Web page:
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The many dialects of Chinese

There have always been many regional speeches in China. A Han Dynasty scholar, 扬雄 (53 BCE - 18 CE), first wrote a book about them. This book is 《方言》. And the term “方言” has been used to refer to the many varieties of Chinese ever since, and it is this word being translated into “dialect”, which is different from “accents”.


Love Actually, the 2003 romantic comedy, is the favourite Christmas movie in my family. The bar scene, as shown in the photo above, is particularly hilarious. We laugh every time when Colin who is from England woos three American beauties with his English accent and gets invited to stay at their home. 

Accents, a term we are quite familiar with, is when people from one region pronounce words differently from people living in another. 

As presented in Love Actually, accents are different between countries. Differences also exist within a country. For example, people from New York speak English differently from people in Georgia. 

Lucky for us, a bit of an accent won’t stop us from understanding or falling in love with each other. But it’s a different story when it comes to dialects. More on that later. 

In Mandarin, one of the many ways to demonstrate the differences between accents is tones, which change slightly from region to region. Another obvious one is whether or not a person can voice “shi” and “si” clearly. Usually people from the south can not.

The result is that every Chinese has an accent. It is impossible to speak Mandarin without an accent. Hardly anybody sound like CCTV newscasters, and some Chinese teachers, who have the perfect pronunciation. 

It is important to note because too many students spend too much time worrying about the four tones. They fear that they will never get all the tones right. 

I hope the fact that everyone has an accent can alleviate that fear. Given enough practice and the right methods, their pronunciation shouldn’t be any concerns. 

Besides, it is nice to have your own accents. If that is Colin’s secret to charm others, it can be yours too.

The many dialects of Chinese

Dialects are very different from accents.

While accent refers only to pronunciation, dialect refers to pronunciation, grammar and vocabulary. For example, Beijinghua is not Putonghua. They are two dialects, but there is a version of Mandarin which has a Beijing accent.

The Chinese writing system does not represent accents well, as Chinese characters do not tell us how people speak in real life. The same word, such as 西红柿, can be expressed with different regional accents. 

But, Chinese characters are really good at recording different dialects. This article, Cantonese and Mandarin: the similarities and differences, gives some examples to show the differences in writing between Mandarin and Cantonese.

There are a lot of Chinese dialects, hundreds of them. Linguists generally accept that there are seven major modern Chinese dialect groups: Mandarin, Wu, Xiang, Gan, Kejia, Min and Yue. The primary divide is between Mandarin and all of the rest dialect groups, which are all southern dialects.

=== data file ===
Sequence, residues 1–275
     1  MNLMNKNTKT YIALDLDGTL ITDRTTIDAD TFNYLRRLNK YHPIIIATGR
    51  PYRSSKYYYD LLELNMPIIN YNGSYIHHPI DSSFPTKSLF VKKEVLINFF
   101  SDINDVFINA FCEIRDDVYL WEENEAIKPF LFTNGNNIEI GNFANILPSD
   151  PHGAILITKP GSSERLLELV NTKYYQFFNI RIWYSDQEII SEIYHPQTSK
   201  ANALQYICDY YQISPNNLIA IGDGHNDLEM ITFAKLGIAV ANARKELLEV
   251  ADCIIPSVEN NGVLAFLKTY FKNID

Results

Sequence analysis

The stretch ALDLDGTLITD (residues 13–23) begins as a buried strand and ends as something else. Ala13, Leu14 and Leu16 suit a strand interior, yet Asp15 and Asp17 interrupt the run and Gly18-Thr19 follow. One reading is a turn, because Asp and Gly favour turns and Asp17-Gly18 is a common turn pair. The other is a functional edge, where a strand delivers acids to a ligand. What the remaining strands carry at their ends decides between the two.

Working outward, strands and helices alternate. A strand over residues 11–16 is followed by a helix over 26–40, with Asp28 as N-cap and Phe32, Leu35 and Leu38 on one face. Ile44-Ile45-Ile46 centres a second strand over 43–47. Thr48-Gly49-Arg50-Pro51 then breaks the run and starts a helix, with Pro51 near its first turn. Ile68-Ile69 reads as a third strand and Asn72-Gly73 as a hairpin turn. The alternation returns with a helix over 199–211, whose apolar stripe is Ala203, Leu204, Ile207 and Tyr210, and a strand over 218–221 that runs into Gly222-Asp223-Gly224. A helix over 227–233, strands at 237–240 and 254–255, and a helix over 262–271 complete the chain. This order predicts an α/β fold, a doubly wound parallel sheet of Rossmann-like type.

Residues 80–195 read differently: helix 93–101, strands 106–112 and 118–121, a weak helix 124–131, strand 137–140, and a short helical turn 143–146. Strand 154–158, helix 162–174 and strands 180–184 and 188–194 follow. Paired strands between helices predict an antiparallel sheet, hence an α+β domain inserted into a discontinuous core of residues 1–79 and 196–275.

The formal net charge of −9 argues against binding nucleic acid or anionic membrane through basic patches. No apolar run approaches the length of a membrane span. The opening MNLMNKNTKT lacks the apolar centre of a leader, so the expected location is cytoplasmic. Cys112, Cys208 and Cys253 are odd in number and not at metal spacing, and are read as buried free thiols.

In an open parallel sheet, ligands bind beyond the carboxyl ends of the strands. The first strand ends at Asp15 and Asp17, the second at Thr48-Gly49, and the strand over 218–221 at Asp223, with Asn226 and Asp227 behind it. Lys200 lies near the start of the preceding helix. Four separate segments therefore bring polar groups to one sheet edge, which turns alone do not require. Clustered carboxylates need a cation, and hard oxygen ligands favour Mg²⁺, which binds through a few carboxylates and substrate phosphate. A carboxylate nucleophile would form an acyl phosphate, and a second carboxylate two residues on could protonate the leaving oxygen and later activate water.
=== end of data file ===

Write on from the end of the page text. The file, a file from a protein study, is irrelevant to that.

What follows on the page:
Comparing with other dialects, Mandarin is in the closest relation to the written form. Almost all spoken Mandarin can be written down. 

Most northern dialects belong to the Mandarin group because they are all quite similar to Mandarin. People from Heilongjiang, JiangXi, Henan, Anhui can understand each other with only minor difficulties. 

Southern Chinese dialects are very different from Mandarin, and are also very different from one another. Sometimes even neighbouring towns have their own dialects. Generally speaking, southern dialects retained more archaic words and pronunciations than northern dialects. 

I grew up in Hebei. That makes me a native Mandarin speaker. Later I moved to Fujian and Hong Kong. Both times, I had a hard time to understand the local dialects.

After years of learning, my Cantonese has reached to a conversational level, but my Hokkian, the oldest Chinese dialect, is only limited to a few words. Learn more about Hokkian and how it has branched out into more varieties overseas here: The oldest Chinese dialect, Hokkien.

Mandarin and Chinese

Now we can answer a question which is often asked by students: Are Mandarin and Chinese the same thing?

After reading this article, we know the answer is “No”.

Chinese is a language.

Mandarin is a dialect of Chinese, to be exact, one of the dialect groups of Chinese. The official language in China is called Standard Mandarin Chinese. 

That being said, I admit that many people, including myself, often use both words interchangeably. I also notice that many Hong Kong people use words for “Cantonese” and “Chinese” interchangeably. It looks like we are affected by our perspectives and upbringing. 

It is marvellous that China has so many dialects, which show us the depth of Chinese history and the variety of Chinese culture. Chinese people have always accepted these varieties of regional speeches, and there is even a word for it, 南腔北调. For people who enjoy a diversified diet of interactions and who like to explore different cultural identities, they will have the time of their lives in learning Chinese, in its most extensive sense.

April Zhang

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